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Adding Custom HTML Attributes With the Block Attributes Plugin

Earlier this week, websevendev released its fourth WordPress plugin to the official directory named Block Attributes. The extension allows end-users to add any HTML attribute to nearly any block.

One of the problems with the WordPress editor is that it can be a bit fussy about customizing HTML. Blocks are built on a set of standards, and the markup is supposed to meet those expectations. If something does not fit, users see an invalid markup warning.

However, there are times when users need to drop in a custom HTML attribute for various reasons. For example, I sometimes need to add a custom data- attribute for working with a bit of JavaScript. Since I know my way around code well enough, I typically write out the HTML in those situations via the Custom HTML block. But, that does not make sense when minor attribute additions are called for.

WordPress currently allows users to add classes and IDs (called an “HTML anchor” in the admin) to almost every block. It does not allow for direct input of the dozens of other possible attributes that HTML supports. The use cases for the average user are few and far between.

For those scenarios where some users could use the extra feature, the Block Attributes plugin is handy.

The plugin is straightforward to use. It adds a new field named “Additional attributes” under the Advanced tab of every block. Users can add the attribute name and click the “Add” button. From there, it creates a new field for adding the attribute value.

Adding a custom attribute for JavaScript handling to a Button block in the WordPress editor via the Block Attributes plugin panel.
Adding an onclick attribute to a Button block.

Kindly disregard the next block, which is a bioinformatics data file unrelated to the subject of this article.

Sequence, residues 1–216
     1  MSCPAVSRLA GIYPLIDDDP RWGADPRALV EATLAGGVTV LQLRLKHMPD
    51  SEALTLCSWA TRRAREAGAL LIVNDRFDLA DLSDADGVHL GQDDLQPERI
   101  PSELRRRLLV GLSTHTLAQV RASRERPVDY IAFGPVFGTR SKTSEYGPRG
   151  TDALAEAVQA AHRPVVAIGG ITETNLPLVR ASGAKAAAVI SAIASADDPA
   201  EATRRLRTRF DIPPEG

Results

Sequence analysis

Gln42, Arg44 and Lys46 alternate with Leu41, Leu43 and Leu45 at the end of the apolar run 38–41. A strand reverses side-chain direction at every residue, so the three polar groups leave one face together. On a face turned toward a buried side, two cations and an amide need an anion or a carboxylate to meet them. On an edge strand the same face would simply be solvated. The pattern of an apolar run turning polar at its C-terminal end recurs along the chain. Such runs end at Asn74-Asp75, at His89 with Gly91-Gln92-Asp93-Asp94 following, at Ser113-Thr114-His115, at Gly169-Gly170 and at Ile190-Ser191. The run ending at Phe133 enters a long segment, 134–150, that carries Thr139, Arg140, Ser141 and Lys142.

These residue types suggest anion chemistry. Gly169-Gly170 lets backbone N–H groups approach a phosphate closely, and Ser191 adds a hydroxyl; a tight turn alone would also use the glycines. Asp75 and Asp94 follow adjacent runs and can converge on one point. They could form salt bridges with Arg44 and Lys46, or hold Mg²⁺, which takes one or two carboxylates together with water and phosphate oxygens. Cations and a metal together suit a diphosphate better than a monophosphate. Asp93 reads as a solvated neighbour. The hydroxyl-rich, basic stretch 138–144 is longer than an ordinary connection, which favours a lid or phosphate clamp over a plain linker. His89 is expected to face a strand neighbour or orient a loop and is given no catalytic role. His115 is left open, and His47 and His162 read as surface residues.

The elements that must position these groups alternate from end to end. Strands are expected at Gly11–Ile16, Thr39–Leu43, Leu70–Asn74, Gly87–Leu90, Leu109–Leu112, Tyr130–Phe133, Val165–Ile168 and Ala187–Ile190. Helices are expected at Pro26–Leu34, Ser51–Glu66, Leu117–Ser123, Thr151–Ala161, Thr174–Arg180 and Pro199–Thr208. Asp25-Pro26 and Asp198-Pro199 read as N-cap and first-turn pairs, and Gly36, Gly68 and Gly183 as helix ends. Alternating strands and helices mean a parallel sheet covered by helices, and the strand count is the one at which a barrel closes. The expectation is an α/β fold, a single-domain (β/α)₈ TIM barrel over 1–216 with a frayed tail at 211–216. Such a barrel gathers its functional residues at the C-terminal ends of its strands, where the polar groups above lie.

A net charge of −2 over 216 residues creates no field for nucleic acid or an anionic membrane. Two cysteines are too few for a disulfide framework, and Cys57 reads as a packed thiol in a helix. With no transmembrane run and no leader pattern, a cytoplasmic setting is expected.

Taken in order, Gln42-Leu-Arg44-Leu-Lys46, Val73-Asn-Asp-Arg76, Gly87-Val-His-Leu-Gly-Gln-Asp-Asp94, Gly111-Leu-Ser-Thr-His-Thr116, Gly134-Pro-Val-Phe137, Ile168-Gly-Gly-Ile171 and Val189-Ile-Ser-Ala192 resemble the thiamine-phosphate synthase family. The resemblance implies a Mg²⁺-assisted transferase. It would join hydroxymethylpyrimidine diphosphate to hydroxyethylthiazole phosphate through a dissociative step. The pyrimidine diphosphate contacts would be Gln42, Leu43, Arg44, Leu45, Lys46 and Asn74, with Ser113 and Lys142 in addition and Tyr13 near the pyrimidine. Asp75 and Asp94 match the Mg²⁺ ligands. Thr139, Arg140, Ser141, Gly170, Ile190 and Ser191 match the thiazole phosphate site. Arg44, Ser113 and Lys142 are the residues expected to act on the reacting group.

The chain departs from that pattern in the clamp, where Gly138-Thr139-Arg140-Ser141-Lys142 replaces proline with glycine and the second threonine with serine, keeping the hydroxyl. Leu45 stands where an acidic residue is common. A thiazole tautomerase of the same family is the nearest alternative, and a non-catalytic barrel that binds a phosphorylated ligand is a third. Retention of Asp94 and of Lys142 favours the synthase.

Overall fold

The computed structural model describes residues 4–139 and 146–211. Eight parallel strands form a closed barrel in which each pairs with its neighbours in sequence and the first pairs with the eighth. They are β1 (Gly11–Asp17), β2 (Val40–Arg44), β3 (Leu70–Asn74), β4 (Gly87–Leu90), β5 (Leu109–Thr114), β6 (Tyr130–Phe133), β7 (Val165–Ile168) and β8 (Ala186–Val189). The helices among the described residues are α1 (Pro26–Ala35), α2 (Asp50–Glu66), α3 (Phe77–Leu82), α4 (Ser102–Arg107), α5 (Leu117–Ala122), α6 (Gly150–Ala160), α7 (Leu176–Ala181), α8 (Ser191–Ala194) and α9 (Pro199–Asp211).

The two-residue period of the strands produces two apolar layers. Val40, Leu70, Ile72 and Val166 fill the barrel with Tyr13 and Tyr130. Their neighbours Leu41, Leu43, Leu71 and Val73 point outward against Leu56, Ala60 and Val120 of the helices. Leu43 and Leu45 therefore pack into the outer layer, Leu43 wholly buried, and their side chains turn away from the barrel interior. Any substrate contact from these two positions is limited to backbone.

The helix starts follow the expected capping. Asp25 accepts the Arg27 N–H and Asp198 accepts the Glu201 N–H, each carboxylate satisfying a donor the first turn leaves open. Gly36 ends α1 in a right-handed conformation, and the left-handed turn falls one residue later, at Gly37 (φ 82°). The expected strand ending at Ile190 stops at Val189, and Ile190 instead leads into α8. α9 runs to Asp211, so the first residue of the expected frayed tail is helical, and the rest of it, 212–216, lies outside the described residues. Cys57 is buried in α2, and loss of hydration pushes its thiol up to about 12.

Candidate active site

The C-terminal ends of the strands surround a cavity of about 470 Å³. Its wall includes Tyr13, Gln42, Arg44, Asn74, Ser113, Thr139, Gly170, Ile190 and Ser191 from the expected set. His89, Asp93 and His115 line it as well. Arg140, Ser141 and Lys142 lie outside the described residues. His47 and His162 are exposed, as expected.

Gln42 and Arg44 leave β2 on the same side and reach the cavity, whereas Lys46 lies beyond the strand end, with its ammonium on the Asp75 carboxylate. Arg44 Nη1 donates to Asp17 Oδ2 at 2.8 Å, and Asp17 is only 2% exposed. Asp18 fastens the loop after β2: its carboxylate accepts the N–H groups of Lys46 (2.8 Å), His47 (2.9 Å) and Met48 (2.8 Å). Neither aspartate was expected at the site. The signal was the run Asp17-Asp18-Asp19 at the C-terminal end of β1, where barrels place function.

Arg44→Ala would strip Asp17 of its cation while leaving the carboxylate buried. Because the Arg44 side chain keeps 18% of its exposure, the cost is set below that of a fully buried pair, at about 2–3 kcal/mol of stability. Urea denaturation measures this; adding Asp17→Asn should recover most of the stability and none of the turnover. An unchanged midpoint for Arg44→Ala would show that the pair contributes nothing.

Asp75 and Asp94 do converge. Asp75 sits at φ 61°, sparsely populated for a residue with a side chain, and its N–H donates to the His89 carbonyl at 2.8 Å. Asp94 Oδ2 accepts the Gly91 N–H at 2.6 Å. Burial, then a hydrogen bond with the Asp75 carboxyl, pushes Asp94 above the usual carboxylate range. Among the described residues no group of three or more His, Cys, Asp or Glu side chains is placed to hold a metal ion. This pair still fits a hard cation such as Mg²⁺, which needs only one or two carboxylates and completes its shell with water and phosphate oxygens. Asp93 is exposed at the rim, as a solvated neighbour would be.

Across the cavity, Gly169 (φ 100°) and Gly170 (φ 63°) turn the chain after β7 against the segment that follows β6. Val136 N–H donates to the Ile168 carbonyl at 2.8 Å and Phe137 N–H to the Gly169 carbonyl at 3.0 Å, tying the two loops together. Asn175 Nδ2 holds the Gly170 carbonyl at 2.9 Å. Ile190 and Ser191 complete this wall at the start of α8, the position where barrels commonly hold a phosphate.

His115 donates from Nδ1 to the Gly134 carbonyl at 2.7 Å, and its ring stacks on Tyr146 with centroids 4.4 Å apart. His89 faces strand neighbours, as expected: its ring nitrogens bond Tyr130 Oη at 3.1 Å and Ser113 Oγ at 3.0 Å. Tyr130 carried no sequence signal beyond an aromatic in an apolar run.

The plugin also supports multiple attributes. Once you add one, you simply use the same input field to create more.

For my first test drive, I added a simple onclick attribute with a value of myFunction(). Then, I hopped over to my theme and created that function via JavaScript to output a simple message in the console. Everything looked good under the hood, and it worked.

Most of the use cases I have in mind are for integrating with JavaScript, and this was a simple example of what is possible. There are far more complex things a developer could do with such a feature. That is reason enough to keep this plugin in the toolbox — sometimes you need a wrench instead of a hammer.

I could also see Block Attributes being used for adding ARIA attributes in other situations where it might aid accessibility.

Users could add custom styles to a specific block via a style attribute with the plugin. However, unless this is a simple one-off, I would recommend against it. For more advanced use cases, Blocks CSS is a far more suitable plugin. It has a built-in syntax highlighter. Plus, a textarea is friendlier than a one-line text input box.

The only downside to Block Attributes I have seen is upon deactivation. You will see the dreaded “this block contains unexpected or invalid content” message in the editor if you have added any custom attributes. The editor has managed to resolve any issues I have run into with the core blocks.

Side-by-side view of the block resolution popup modal in the WordPress editor.
Resolving block warning after deactivating plugin.

Deactivating the plugin should not affect the front-end output. Because the custom attributes are a part of the HTML markup, they will still be there. The error message should only show in the editor.